The habit of thinking of God’s throne room when in worship
Verse 33 says, “we are all present before God.” Very few Christians think of worship as coming into God’s very throne room. Yet that is exactly the way Hebrews 12 describes it.
But you have come to Mount Zion and to the city of the living God, the heavenly Jerusalem, to an innumerable company of angels, to the general assembly and church of the firstborn who are registered in heaven, to God the Judge of all, to the spirits of just men made perfect, to Jesus the Mediator of the new covenant… (Heb. 12:22-24)
When our children think of the angels present in the public assembly and the fact that by faith we are joining the worship of heaven, it has a tendency to transform their worship.
When you listen to a sermon, you are not simply listening to the pastor. You are listening to God speaking through the sermon. According to Scripture, God uses the foolishness of preaching to be His mouthpiece today. When Jesus sent out the 70 preachers in Luke 10, he told them, “He who hears you hears me” (Luke 10:16). Pierre Marcel’s masterful book, The Relevance of Preaching, says, “[Jesus] makes it a point to affirm that when they proclaim the good news it is as if he himself, the Christ, proclaimed it in person. It is and remains the word of God; it retains its same power and effectiveness” (p. 12). And he goes on to give many Scriptures which show that the preaching of the Word regenerates hearts, gives faith, sanctifies the saints, confers hope. It is called the power of God. And Paul is amazed that God banks so much on the foolishness of preaching. But it is not because of the preacher. It is because God stands behind His ambassador and carries that Word to the hearts of His people, assuming of course that the preacher is willing to preach the Word.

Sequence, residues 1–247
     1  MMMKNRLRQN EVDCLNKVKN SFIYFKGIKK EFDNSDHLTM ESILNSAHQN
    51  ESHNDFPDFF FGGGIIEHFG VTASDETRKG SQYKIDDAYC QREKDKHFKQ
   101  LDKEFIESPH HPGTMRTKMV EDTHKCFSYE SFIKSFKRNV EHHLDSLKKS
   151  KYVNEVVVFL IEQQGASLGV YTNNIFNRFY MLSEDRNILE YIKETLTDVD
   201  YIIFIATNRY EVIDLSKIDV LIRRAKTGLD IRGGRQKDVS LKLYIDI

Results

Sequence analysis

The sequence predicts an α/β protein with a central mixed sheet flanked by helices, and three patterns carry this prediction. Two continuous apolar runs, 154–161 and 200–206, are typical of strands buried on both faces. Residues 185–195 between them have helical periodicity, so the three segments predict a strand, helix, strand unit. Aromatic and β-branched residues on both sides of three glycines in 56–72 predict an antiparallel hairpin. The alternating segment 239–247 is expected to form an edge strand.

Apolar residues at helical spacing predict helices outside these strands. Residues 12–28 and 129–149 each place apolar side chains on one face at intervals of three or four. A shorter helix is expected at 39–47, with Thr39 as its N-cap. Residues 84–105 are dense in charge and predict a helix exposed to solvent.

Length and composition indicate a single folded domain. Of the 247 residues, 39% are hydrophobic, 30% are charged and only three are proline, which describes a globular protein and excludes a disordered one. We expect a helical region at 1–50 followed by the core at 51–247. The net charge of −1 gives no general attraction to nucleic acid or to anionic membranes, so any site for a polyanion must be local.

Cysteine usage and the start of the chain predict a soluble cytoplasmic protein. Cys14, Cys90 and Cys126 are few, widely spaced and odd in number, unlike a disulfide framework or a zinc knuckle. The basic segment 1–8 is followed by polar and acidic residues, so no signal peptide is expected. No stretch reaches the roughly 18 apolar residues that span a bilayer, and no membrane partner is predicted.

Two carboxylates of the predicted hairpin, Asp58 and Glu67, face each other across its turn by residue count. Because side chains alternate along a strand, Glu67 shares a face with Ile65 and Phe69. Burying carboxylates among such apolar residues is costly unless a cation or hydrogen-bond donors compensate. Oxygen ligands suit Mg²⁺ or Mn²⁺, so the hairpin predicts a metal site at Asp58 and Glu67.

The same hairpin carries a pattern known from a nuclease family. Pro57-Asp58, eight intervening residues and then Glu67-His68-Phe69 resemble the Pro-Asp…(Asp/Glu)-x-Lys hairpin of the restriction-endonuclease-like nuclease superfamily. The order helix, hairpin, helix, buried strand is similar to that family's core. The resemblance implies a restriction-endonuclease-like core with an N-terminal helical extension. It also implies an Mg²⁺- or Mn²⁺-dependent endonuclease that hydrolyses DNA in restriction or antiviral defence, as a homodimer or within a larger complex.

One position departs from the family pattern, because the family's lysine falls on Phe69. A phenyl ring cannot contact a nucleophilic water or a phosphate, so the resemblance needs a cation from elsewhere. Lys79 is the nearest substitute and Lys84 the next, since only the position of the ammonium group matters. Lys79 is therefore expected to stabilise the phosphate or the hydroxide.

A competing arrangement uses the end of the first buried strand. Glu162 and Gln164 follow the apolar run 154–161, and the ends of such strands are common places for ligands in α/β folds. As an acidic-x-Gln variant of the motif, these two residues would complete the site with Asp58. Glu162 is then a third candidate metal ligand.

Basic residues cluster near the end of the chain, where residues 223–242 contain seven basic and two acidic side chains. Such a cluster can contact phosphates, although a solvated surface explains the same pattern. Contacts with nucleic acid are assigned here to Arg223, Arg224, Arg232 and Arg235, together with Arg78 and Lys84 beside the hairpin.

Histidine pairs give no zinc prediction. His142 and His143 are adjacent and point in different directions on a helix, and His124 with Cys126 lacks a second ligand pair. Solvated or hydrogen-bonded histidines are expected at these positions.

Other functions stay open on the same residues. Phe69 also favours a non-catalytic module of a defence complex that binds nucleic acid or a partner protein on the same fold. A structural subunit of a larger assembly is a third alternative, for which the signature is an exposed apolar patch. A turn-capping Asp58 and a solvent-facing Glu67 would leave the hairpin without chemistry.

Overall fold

The disciples on the road to Emmaus knew that something was different because they felt their hearts burning within them as they heard the Word of God being preached. Why? Because God was quickening that Word to them. They were in the presence of God.
And this consciousness of God’s presence with us in His royal covenant ceremony ought to affect our inward emotions and ought to affect our outward demeanor. Even our dress is reflected by what we expect in worship or perhaps what we have experienced in worship. But it is especially affected by what we consider the preaching of the Word to be. If we really consider “preaching [to be the] demonstration of the Spirit and of power” in the church’s life (1 Cor. 2:4), we are more likely to eagerly listen. To sum up this series of posts, I will quote from an old Alliance of Confessing Evangelicals article. They say,
“So what is the right way to listen to a sermon? With a soul that is prepared, a mind that is alert, a Bible that is open, a heart that is receptive, and a life that is ready to spring into action.”